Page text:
Max Planck Law Fellows are distinguished internatational scholars each of whom have been nominated by at least two Directors from different Institutes across Max Planck Law. MPL Fellows will engage in their own research projects wtih the support of the Institutes within the Max Planck Law network.
Karen Knop is recognized as one of the leading scholars in public international law worldwide. Her work spans private as well as public international law.
Known particularly for its concern with challenges of gender and cultural differences for core concepts in both fields, it is always interdisciplinary and theoretically informed. She recently gave lectures at the Hague Academy of International Law on the topic of Foreign Relations and International Law, and the topic of her invited Foreword for the European Journal of International Law in 2023 will be populism, empire and the rise of foreign relations law. At the same time, she has long taught and researched private international law, leading to an edited issue and several articles and book chapters. Her current focus on foreign relations law brings together both those fields. Knop has co-authored several articles with Prof. Ralf Michaels and Prof. Annelise Riles, a collaboration that has also led to a well-received journal issue on Transdisciplinary Conflict of Laws. With Prof. Anne Peters, she has collaborated in the context of contributions to edited volumes and when she was chair of the editorial committee of the American Journal of International Law Unbound.
Daniel S. Nagin is the Teresa and H. John Heinz III University Professor of Public Policy and Statistics and since 2006 has served as the college’s Associate Dean of Faculty.
He received his Ph.D. in 1976 from what is now the Heinz College of Information Systems and Public Policy. He chaired the National Research Council’s Committee on Deterrence and the Death Penalty, and served as Deputy Secretary for Fiscal Policy and Analysis in the Pennsylvania Department of Revenue from 1981 to 1986. He is an elected Fellow of the American Society of Criminology, American Association for the Advancement of Science, and American Academy of Political and Social Science and the recipient of the American Society of Criminology’s Edwin H Sutherland Award in 2006, the Stockholm Prize in Criminology in 2014, Carnegie Mellon University’s Alumni Distinguished Achievement Award in 2015, and the National Academy of Science Award for Scientific Reviewing in 2017. His research focuses on the evolution of criminal and antisocial behaviors over the life course, the deterrent effect of criminal and non-criminal penalties on illegal behaviors, and the development of statistical methods for analyzing longitudinal data.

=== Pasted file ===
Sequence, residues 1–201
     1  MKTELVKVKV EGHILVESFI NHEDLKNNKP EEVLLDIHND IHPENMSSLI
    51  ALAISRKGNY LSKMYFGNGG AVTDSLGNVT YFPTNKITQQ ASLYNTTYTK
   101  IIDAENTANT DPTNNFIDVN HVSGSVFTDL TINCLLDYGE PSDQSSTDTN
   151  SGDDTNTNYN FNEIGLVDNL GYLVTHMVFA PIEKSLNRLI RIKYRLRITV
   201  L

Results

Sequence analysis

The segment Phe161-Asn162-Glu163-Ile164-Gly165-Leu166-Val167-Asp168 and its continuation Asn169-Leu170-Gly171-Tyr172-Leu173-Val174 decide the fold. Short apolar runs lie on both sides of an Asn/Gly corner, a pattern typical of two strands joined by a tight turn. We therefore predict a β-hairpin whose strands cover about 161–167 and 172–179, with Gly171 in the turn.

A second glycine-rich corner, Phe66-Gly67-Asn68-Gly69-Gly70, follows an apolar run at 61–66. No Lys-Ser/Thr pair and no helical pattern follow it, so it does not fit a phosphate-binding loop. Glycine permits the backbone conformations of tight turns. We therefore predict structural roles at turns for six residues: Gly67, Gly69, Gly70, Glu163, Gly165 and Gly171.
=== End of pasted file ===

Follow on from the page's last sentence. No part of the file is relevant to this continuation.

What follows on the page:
Valérie Rosoux is Director of research of the National Fund for Scientific Research (Fonds de la Recherche Scientifique – FNRS) in Belgium and Professor in the School of Political and Social Sciences, University of Louvain.
She is qualified in three disciplines (philosophy, political science and law), speaks three languages fluently (French, English and Dutch), has been honoured with multiple research stays abroad (UK, Canada, France, US, South Africa), is actively involved in many scientific networks (journals, research agencies, professional associations) and is an experienced supervisor of doctoral theses. To borrow the words of William Zartman, the Jacob Blaustein Distinguished Professor at The Johns Hopkins University, Dr. Rosoux is ‘the ultimate authority in Europe on reconciliation’, a field of research she was instrumental in developing and to which she has contributed immensely, first with the publication of her doctoral thesis, and since then with many groundbreaking publications and presentations.
René Urueña’s work focuses on the ways in which complex social challenges can be understood, and tackled, as distinctively legal problem.
He has explored this issue in his current position, as a professor in International Law at the Universidad de Los Andes in Bogota, Colombia, and also as a Fellow at New York University and the Max Plack Institute for Comparative Public Law and International Law; as a docent at the Institute for Global Law and Policy at Harvard, and as a visiting professor at the universities in Tel-Aviv, Utah, Helsinki and at the City University of New York. René is also an experienced international legal practitioner: he has represented states before the Inter-American Court of Human Rights, has been several times an expert witness before the same Court, and served as a legal adviser of the Selection Committee of the Special Jurisdiction for Peace (Colombia). He received his LL.M. (laudatur) and his Doctor of Law (eximia cum laude) from the University of Helsinki in Finland.
Antoine Vauchez is a CNRS Research Professor in political sociology and law and a member of the Centre européen de sociologie et science politique-CESSP (Université Paris 1-Sorbonne).
He was recently awarded the Michael Endres Prize by the Hertie School of Governence where he is a visiting professor throughout the academic year 2021–22. He has been an elected member of the ‘Politics, Power and Organisation’ section of the CNRS national committee, is a permanent visiting professor at the iCourts research centre (Univ. of Copenhagen), and is co-director of the Master’s degree in ‘European Public Affairs’ at the University of Paris 1-Panthéon Sorbonne. Antoine Vauchez’s work lies at the intersection of the socio-history of transnational power Habilitation (2010), his main research themes are the formation of a European centre of power, the emergence of a body of legal and economic knowledge of the European project and the consolidation of a ‘power of independence’ around the European courts of justice, central banks and regulatory agencies.